Has the Federal Reserve fallen victim to bond market bullies?
The bond market “vigilantes” of old used to bully wastrel governments. Now they appear to have moved on to a grander target — the US Federal Reserve.
Traders are betting that the US central bank is certain to trim interest rates when it meets this month. Whatever doubts remained were largely dismissed by Fed chairman Jay Powell on Wednesday, when he focused on persistently low inflation in the world’s largest economy, and a fading global growth outlook.
But the prospect of monetary easing still looks odd when set against mostly decent US economic data. Richard Barwell, head of macro research at BNP Paribas Asset Management, argues that investors have browbeaten the central bank into a defensive posture.
“The market has seemingly spooked the Fed into changing strategy twice in the space of six months, first capitulating on the hiking cycle and then embracing an easing cycle,” he said. “It is becoming increasingly difficult to make the argument that this Fed would be cutting rates this month . . . in the absence of the relentless pressure from the market to act now.”
The crucial question confronting the Fed and investors is whether markets are right — and what this means for the longer-term, often tempestuous, relationship between the central bank and investors.
The message from the market is clear: interest rate futures indicate traders think the Fed could unravel all of last year’s four rate increases by 2020. But officials themselves seem uncertain about what to do.
The latest projections indicate seven policymakers expect 50 basis points of rate cuts by the end of the year, and Mr Powell has indicated that many of the remaining 10 members of the rate-setting Federal Open Market Committee thought the case for easier policy had strengthened. Analysts say the Fed is boxed in and will have to cut to avoid a nasty bout of turbulence in asset prices.
“The market has acted as if the Fed has already cut. If the Fed does not deliver, financial conditions will tighten, creating a headwind for the economy,” said Michelle Meyer, chief US economist at Bank of America.
“This puts the Fed in a difficult position,” she added. “On the one hand, they don’t want to be bullied by the markets. But, on the other hand, markets have information that the Fed cannot ignore.”
Although US economic data has worsened over the past year, it remains reasonably solid — something even Mr Powell highlighted in his otherwise dovish comments this week.
Indeed, “nowcasting” models made by the St Louis and New York arms of the Fed indicate that growth is now rebounding, and the trade war is at least temporarily on hold, after a tentative truce engineered at the recent G20 meeting.
Moreover, the latest employment data were glowing, and core inflation accelerated last month as some of the “transitory” factors that Mr Powell had previously highlighted started to wane. “The market is bullying them and the data are now trolling them,” Mr Barwell said.
Of course, current data says little about the future, and the lingering uncertainty caused by trade tensions is likely to drag on global economic growth in the coming months, economists say. But even some former central bankers are questioning the Fed’s willingness to cut rates.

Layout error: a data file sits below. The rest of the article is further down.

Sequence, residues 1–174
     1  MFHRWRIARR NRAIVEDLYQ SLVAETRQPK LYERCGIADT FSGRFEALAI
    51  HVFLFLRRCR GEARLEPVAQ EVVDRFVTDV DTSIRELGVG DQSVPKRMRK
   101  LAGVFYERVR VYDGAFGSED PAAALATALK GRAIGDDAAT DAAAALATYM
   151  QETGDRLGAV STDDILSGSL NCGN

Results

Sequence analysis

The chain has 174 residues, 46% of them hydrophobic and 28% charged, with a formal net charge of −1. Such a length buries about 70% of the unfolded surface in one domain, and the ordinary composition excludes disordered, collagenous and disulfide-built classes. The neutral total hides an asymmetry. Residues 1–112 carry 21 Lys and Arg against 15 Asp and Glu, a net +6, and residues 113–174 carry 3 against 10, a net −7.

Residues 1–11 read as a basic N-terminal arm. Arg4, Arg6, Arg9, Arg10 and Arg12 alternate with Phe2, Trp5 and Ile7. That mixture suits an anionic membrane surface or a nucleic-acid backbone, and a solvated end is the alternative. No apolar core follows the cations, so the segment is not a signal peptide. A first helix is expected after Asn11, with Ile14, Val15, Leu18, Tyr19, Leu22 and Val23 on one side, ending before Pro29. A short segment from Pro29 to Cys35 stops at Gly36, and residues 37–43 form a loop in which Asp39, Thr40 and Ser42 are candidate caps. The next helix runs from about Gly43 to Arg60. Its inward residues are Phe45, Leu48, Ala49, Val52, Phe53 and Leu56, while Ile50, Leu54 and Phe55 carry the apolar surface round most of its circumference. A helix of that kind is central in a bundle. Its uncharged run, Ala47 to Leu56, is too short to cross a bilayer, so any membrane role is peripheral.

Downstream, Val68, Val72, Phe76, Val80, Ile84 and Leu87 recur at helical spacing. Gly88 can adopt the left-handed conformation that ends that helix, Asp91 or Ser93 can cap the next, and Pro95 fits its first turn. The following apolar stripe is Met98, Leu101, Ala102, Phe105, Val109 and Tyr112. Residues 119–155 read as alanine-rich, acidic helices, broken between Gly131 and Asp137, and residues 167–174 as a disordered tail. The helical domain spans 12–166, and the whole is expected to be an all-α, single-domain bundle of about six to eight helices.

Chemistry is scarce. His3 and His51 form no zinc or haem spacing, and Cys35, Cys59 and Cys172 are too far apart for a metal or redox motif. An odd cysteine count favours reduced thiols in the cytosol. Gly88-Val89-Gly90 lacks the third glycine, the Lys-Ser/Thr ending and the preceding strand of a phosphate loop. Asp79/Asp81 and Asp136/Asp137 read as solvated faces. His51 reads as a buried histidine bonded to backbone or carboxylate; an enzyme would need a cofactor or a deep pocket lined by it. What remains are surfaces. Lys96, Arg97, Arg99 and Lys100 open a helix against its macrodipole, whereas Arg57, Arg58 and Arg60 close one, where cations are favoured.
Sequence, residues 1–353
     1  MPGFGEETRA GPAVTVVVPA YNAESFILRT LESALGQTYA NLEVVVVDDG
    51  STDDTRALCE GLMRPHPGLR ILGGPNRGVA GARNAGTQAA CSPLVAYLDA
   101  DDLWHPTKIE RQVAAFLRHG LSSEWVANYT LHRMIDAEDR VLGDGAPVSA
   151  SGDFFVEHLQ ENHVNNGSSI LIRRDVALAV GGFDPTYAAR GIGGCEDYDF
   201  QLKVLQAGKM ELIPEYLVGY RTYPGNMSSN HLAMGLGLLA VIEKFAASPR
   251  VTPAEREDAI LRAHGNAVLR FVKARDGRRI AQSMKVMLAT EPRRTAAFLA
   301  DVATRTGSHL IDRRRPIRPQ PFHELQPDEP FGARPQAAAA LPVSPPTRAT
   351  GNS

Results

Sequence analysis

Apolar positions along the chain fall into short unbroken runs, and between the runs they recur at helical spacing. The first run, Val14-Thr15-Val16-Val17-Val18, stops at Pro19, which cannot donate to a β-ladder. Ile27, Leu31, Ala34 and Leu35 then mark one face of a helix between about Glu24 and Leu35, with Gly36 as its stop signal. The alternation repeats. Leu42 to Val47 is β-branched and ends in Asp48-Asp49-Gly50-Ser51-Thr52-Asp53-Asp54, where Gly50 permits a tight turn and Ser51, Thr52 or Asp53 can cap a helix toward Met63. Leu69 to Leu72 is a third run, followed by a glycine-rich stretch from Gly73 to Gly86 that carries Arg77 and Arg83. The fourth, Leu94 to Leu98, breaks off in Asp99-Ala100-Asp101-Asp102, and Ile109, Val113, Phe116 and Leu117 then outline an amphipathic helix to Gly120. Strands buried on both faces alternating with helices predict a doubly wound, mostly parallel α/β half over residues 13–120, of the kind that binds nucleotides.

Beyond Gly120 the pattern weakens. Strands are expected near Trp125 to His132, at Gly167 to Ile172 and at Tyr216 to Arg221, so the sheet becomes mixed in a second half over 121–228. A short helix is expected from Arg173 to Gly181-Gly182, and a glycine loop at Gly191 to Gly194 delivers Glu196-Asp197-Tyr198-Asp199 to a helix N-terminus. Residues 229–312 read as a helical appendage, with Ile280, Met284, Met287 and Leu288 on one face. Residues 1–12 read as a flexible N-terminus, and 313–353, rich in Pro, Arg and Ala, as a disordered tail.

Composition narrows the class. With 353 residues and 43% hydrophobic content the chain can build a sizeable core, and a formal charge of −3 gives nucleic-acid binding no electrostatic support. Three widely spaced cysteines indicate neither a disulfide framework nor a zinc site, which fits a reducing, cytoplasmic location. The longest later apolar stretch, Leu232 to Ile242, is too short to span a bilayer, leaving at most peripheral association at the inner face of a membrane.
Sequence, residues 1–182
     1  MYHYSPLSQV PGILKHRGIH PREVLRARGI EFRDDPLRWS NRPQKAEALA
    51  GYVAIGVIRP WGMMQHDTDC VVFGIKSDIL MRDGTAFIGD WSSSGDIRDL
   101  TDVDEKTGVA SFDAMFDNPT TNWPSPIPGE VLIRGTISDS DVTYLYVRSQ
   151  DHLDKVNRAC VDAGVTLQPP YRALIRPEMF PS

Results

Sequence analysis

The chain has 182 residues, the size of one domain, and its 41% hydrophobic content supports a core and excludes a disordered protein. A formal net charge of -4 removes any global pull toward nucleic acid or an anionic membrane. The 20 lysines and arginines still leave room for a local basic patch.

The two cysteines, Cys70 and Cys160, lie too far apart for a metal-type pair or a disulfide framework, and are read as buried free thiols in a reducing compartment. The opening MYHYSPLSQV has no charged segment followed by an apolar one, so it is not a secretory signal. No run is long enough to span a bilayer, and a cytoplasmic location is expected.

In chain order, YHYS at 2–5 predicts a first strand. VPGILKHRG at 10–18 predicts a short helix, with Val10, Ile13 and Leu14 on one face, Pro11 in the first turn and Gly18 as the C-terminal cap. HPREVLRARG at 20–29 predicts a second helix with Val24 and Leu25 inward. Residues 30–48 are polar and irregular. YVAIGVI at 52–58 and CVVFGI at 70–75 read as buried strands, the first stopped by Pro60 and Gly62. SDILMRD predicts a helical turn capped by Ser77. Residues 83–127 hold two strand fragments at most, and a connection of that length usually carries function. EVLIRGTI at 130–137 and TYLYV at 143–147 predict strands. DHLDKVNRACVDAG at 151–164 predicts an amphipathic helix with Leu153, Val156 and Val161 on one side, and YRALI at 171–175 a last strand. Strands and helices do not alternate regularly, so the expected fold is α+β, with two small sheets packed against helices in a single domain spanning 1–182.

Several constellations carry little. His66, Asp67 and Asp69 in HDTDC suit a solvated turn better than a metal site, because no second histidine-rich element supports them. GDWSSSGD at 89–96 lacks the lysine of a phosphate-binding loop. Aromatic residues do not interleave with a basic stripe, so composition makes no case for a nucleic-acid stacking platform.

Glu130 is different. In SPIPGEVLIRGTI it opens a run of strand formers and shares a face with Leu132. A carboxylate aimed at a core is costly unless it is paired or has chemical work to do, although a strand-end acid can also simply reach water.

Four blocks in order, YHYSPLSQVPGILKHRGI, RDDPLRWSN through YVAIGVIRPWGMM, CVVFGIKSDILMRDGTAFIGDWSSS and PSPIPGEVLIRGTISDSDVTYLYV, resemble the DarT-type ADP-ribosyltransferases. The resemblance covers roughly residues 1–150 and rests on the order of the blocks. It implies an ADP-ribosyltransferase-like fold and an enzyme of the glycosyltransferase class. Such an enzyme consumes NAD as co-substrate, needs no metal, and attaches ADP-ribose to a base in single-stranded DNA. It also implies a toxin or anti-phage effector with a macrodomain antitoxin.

Vitor Constâncio, the dovish former vice-president of the European Central Bank, last week argued that monetary policy “should be decided based on the relevant economic variables, not on the basis of financial markets’ dominance as they want to artificially prolong a lengthy bull market”.
The classic argument against blindly following markets came from former Fed chair Ben Bernanke in 2004. He argued that while markets “aggregate enormous amounts of information and thus provide a rich hunting ground for central bankers trying to learn about the economy”, trying to follow them is a strategy that “quickly degenerates into a hall of mirrors”.
In other words, if the Fed simply moves rates around in response to market prices, those prices would be affected by expectations of the Fed following, creating feedback loops, potentially leading to terrible mistakes. Jan Hatzius of Goldman Sachs sees three potential pitfalls.
“First, the hall of mirrors effect would surely degrade the information content of bond yields. Second, the temptation to satisfy market expectations asymmetrically — to avoid delivering hawkish surprises — could undermine financial stability. Third, the bond market could become a channel for political pressure on Fed decisions,” he said.
On the other hand, some analysts argue that the Fed is not only right to follow markets but should do so more often.
The US central bank may have an army of economists, sophisticated models refined by generations of staffers and access to data that most hedge funds can only dream of. But even the Fed’s brainpower is dwarfed by the collective wisdom of millions of investors who shape the bond market, argues Jim Paulsen, a strategist at the Leuthold Group.
“I’m not saying that markets don’t make mistakes, but I think they make fewer mistakes than a committee of central bankers,” he said.